There’s background to this story that is relayed in The Book Woman’s Daughter such that this can be read as a stand alone book or the two books can be read out of order. If you asked me which I’d prefer, I’m glad I read the earlier book first. The Book Woman of Troublesome Creek. This first book featured Cussy Mary Carter, By the end of that novel, Cussy had married Jackson Lovett, but, because she had a genetic blood disorder that turned her full body blue authorities found their marriage violated the miscegenation laws against interracial marriage. Jackson is jailed, then barred from living in Kentucky for twenty-five years.
By the end of The Book Woman of Troublesome Creek, Cussy had also agreed to raise Honey, the daughter of a young “blue” woman who died in childbirth. The baby’s father was also dead. Cussy was a Book Woman because she was part of the Pack Horse Project, a WPA program that ran from the mid-thirties to the early forties delivering library books to people in remote parts of Appalachia. She fundamentally believed in carrying literacy to everyone.
In The Book Woman’s Daughter, we meet Honey in 1953, at age sixteen, living with Cussy and Jackson in Kentucky, but away from Troublesome Creek. Although they have kept their heads down, the law has caught up with them and they are heading to court for violation of the miscegenation laws and for Jackson’s violation of the order barring him from Kentucky. They’ve had some time to prepare, stocking up food in their old homestead in Troublesome Creek, arranging for an old (literally old) friend to serve as Honey’s guardian and securing legal representation. If the guardianship does not go through, Honey could be made a ward of the state and be subjected to hard labor in a reform school until she is twenty-one. If it goes through, she would be considered an adult at age 18. While Honey has inherited the disorder, only her hands turn blue when she is distressed. She wears gloves to hide this.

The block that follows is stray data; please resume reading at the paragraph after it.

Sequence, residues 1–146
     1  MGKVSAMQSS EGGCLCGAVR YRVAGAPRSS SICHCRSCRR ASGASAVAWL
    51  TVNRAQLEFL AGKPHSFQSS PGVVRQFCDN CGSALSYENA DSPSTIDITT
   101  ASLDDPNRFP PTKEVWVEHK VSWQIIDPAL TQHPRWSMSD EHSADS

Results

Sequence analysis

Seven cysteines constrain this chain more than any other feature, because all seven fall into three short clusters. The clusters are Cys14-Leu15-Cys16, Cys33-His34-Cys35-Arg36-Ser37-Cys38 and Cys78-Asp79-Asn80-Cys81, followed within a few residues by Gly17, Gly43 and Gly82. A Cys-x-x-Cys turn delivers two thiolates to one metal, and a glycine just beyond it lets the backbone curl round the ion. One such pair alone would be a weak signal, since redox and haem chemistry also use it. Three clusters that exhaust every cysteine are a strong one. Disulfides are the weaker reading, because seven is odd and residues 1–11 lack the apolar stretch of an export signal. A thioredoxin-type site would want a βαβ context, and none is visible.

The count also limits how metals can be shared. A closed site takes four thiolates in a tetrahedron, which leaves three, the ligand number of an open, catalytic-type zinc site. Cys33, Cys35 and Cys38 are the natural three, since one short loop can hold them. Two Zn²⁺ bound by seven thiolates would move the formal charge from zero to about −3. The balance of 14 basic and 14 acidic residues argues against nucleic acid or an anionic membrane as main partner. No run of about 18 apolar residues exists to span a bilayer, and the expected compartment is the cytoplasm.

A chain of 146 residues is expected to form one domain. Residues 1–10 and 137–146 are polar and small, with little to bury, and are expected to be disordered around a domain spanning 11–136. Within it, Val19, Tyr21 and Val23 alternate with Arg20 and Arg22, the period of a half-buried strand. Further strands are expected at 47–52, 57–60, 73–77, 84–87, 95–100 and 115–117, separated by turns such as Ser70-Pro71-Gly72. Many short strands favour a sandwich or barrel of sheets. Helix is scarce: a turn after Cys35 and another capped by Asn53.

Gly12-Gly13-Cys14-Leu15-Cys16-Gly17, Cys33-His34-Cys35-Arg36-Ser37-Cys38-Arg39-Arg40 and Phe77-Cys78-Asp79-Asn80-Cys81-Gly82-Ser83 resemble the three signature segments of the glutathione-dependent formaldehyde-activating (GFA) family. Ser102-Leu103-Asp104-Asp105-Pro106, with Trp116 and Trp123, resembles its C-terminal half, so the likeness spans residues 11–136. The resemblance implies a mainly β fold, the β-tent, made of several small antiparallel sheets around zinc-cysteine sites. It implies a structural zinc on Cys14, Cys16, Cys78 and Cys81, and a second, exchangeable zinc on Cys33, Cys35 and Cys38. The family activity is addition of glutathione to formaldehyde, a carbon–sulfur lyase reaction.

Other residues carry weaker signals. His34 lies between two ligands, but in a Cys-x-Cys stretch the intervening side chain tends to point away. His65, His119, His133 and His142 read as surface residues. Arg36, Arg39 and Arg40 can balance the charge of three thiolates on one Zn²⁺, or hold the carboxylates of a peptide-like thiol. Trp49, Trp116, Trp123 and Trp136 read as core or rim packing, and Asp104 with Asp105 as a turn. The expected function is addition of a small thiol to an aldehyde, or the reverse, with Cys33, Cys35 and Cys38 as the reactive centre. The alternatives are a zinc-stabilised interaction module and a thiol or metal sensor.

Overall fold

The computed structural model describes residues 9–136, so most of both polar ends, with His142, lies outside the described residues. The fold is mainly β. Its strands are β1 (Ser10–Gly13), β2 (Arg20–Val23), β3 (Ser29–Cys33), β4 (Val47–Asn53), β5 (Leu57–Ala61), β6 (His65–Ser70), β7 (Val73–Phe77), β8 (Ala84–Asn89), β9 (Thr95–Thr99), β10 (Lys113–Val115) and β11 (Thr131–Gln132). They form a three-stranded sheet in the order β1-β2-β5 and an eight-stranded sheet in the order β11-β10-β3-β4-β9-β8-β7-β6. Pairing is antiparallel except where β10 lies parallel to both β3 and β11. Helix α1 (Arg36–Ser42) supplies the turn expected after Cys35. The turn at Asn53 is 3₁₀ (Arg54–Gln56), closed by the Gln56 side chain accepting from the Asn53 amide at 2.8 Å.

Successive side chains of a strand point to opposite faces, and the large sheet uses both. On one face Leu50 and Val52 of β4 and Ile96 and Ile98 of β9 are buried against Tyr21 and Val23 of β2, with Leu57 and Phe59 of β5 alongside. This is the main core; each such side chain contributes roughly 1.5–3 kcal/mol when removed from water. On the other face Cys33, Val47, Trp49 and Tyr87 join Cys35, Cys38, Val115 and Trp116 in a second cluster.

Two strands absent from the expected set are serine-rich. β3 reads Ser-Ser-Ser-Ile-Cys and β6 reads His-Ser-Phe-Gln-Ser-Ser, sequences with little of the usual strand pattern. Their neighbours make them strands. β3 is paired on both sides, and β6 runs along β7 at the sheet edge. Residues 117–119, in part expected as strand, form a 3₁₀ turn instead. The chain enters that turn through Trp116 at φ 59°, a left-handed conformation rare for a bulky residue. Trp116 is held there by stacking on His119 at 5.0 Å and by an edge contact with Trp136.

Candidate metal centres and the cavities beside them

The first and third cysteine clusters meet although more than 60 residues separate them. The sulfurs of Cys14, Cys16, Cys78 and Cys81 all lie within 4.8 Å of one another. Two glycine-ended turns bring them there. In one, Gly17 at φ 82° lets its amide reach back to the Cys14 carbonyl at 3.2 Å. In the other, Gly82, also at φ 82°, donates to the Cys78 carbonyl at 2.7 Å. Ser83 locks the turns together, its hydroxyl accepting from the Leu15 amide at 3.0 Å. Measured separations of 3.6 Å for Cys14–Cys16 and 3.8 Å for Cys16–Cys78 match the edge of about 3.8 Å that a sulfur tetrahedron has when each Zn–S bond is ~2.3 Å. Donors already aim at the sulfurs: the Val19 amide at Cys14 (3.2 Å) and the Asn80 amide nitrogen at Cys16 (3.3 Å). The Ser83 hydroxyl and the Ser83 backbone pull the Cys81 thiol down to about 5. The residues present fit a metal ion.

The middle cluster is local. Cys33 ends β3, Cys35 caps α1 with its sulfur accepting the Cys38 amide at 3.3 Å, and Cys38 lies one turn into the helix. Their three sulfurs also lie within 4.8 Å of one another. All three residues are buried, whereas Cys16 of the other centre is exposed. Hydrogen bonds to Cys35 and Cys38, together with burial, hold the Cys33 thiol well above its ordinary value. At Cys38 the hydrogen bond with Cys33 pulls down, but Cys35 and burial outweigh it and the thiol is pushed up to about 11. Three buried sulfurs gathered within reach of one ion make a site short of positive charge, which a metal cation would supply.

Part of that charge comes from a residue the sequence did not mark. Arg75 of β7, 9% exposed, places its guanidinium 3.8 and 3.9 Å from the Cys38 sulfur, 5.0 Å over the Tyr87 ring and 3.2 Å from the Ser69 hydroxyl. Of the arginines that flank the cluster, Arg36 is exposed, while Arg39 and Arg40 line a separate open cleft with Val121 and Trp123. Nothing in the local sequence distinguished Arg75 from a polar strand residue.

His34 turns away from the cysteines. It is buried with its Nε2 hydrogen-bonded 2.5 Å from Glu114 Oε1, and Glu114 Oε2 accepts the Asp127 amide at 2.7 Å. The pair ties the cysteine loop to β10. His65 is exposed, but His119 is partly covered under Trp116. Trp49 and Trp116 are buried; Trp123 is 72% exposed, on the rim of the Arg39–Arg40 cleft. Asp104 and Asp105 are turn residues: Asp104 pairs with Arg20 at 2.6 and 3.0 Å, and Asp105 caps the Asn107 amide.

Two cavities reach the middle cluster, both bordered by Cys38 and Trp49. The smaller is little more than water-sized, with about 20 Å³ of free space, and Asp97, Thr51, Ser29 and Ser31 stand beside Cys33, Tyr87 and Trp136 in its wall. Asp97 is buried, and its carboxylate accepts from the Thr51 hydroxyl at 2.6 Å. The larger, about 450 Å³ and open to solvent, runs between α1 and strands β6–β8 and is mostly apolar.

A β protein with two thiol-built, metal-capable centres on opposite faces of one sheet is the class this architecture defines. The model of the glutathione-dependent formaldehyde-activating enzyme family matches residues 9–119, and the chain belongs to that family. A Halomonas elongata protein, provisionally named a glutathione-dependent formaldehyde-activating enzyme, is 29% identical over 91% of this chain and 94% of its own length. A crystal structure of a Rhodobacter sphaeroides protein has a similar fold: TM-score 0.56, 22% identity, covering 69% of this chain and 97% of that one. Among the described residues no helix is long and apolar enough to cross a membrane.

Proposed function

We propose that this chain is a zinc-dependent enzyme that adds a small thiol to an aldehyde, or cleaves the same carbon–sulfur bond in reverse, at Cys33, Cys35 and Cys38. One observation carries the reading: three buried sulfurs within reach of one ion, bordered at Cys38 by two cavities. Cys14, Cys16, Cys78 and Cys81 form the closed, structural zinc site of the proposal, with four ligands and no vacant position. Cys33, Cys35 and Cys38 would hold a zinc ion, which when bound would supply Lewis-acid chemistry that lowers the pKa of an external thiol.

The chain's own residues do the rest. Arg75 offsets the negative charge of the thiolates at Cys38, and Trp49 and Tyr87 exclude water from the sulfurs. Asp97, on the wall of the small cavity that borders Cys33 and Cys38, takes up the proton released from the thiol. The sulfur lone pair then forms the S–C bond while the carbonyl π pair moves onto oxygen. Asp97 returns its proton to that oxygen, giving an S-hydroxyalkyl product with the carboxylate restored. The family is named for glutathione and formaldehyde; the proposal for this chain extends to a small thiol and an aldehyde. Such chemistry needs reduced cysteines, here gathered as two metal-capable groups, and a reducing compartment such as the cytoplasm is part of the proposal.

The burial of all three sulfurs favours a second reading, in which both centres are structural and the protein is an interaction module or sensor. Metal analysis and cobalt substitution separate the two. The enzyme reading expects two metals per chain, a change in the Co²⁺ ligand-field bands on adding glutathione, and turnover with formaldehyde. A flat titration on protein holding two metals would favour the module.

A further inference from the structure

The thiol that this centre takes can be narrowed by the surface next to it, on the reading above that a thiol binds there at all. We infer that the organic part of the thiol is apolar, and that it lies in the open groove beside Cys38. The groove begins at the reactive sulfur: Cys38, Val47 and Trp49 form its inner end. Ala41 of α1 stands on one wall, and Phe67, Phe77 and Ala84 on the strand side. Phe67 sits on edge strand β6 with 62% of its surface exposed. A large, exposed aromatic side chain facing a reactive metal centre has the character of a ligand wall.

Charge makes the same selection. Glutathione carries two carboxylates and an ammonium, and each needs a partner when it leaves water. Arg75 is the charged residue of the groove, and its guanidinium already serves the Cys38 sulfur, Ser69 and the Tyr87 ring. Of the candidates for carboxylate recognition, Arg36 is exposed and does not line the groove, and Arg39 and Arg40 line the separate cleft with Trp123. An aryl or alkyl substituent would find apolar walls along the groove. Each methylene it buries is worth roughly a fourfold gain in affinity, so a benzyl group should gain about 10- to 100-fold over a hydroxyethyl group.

There are far too many ways to reveal spoilers in this review, so I will just mention that The Book Woman’s Daughter still focuses on literacy for all, on community — those who are racist and those who are open to everyone no matter their differences, and on family. Richardson does so much with this snapshot of rural Kentucky in 1953. In addition to imagining the impact of the miscegenation laws on a loving, intact family, she examines how women in nontraditional jobs faced opposition and sometimes harassment and abuse (a nineteen year old fire watcher for the park service and a coal miner who is a widow). She touches on how other “different” people do not always fair well in a small town, a little girl with a pet rooster who cannot go to school but loves books; a woman with no family, married to a seriously abusive husband and intentionally isolated and terrorized. Then, there are some in between folks like our old friend Devil John, the moonshiner that can’t be Honey’s guardian but is generally accepted in a positive way. Doc returns, a staunch supporter of the blue family, now married to a Swedish woman, Millie who is a fun collateral character. Honey has her first crush on a boy at the store. Her parents face difficulties that may seem extreme in these days, but that I personally studied in law school years ago. Honey’s rights are seriously impacted by her being female. Richardson, without exaggerating, gets these points across. She also reveals the tremendous healing power of friendship, particularly between Honey and the 19 year old fire watch woman, Pearl.
The Book Woman’s Daughter far exceeded my expectations of a second book in this series because I didn’t see how it could be as compelling. It was. Also, I never ever have mentioned book discussion questions I see at the end of novels because they are so trite I want to scream. Those included with The Book Woman’s Daughter are thought provoking and would make me join a book group just to discuss them.